FIG. 1 depicts a respirator apparatus which operates on recycled air, i.e., the apparatus converts carbon dioxide and water vapor contained in air exhaled by a user of the apparatus into breathable oxygen which may be inhaled by the user. The respirator apparatus includes a chemical cartridge 1 constructed in accordance with the present invention. The cartridge, comprises a casing containing a chemical 2 such as, for example, potassium hyperoxide, which when acted upon by carbon dioxide and moisture borne by the user's exhaled air stream, produces oxygen to be inhaled by the user.

A respirator bag 7 is disposed around and spaced at a distance from the chemical cartridge 1 so as to envelope the cartridge. Reference numeral 9 denotes an opening through which exhaled air may flow into the chemical cartridge 1. One end of a first breathing tube 10 is connected to the inflow opening 9 and the other thereof is connected to a casing 11 in which are disposed an exhaled-air valve 12, an inhaled-air valve 13 and a heat exchanger 14. In addition to the chemical cartridge 1, the respirator bag also surrounds the first breathing tube 10 and has an inhaled and exhaled air opening 15 that is connected to the casing 11. A second breathing tube 16 is secured at one end to the casing 11 and at its other end carries a mouthpiece 17. The respirator bag 7 also is provided with a valve 18 for relieving excess pressure that may occur in the bag as a result the user's respiratory activity.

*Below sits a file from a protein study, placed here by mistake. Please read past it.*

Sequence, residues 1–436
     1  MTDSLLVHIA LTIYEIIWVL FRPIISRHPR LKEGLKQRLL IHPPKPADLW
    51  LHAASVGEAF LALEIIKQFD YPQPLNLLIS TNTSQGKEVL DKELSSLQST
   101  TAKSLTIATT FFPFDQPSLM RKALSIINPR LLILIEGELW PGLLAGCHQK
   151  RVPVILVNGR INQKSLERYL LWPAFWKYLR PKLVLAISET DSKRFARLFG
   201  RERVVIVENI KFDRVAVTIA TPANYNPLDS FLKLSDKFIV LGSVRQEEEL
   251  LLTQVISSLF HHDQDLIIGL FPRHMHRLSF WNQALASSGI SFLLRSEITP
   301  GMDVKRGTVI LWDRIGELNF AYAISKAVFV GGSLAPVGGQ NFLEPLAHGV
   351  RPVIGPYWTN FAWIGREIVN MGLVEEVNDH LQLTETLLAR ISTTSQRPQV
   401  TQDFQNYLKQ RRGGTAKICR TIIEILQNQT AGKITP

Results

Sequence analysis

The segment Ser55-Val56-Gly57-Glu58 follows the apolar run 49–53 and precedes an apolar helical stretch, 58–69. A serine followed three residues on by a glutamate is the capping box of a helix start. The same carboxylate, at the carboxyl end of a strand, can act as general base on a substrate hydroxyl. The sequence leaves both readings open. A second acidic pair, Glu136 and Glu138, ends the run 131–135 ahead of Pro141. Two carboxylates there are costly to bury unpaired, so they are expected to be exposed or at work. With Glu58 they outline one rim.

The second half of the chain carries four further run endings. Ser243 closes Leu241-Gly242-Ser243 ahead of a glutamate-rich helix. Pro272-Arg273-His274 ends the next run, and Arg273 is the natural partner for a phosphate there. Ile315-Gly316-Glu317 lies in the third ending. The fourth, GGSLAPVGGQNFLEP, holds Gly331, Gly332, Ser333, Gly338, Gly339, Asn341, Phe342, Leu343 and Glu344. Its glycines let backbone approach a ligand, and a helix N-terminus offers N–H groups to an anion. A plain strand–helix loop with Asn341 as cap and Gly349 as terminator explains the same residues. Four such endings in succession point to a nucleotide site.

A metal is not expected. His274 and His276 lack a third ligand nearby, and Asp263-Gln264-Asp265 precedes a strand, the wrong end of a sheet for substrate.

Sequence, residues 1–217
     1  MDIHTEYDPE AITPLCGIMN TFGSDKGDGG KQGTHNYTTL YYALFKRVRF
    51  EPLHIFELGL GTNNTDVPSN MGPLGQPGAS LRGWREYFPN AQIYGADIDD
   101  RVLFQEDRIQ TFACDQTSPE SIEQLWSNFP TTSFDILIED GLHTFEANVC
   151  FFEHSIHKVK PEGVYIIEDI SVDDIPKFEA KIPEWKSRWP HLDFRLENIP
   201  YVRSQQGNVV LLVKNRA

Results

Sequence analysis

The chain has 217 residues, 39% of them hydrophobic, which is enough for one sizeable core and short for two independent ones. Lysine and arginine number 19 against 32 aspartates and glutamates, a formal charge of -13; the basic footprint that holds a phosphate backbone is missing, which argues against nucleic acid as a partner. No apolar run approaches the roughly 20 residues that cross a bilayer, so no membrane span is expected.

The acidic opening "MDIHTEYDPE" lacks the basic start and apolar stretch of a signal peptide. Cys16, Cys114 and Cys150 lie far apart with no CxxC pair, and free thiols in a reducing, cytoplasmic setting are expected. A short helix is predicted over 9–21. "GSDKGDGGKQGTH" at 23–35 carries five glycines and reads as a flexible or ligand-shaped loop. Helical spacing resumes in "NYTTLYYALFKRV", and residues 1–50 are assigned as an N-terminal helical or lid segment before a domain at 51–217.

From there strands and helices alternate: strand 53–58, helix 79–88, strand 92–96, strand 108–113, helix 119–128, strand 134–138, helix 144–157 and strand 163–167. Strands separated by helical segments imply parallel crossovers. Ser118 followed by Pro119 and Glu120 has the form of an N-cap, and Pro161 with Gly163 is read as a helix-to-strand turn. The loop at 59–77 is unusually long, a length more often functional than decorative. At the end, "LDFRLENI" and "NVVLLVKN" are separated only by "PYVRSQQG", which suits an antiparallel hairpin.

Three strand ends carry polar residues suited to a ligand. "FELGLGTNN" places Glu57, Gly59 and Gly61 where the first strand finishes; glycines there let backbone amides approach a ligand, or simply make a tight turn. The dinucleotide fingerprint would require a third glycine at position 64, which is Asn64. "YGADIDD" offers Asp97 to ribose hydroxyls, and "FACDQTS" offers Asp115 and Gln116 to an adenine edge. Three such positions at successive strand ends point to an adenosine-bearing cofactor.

Viewing FIGS. 1 and 2 together reveals that the mass of chemical 2 is disposed in an insert 3, preferably of oval cylindrical configuration. The insert is formed of screen material and comprises an end face 4a and a generated circumferential wall surface 4b. Insert 3 substantially bounds the exterior of the space or volume occupied by the chemical and defines an inlet surface 4 through which exhaled air passes into the chemical. Insert 3 is positioned in cartridge 1 such that its open side faces a base surface la of cartridge 1. A continuous duct 5 for exhaled air is formed between the inner walls of the cartridge casing and the end face 4a and the generated surface 4b of insert 3. Two tubular discharge nozzles 6 are disposed on the base surface 1a of cartridge 1. Each nozzle has an elongated portion that penetrates into the chemical 2. As is perhaps most clearly shown in FIG. 2, the elongated portion of each nozzle is closed at its upper end, as indicated by reference numeral 6b. The elongated portions and closed upper ends 6b of the nozzles are perforated by a plurality of peripheral bores 6c through which the regenerated air flows. From the interiors of the nozzles, the regenerated air exits through openings provided in short impermeable portions at lower ends of the nozzles that project from the cartridge casing and are connected to the respirator bag 7.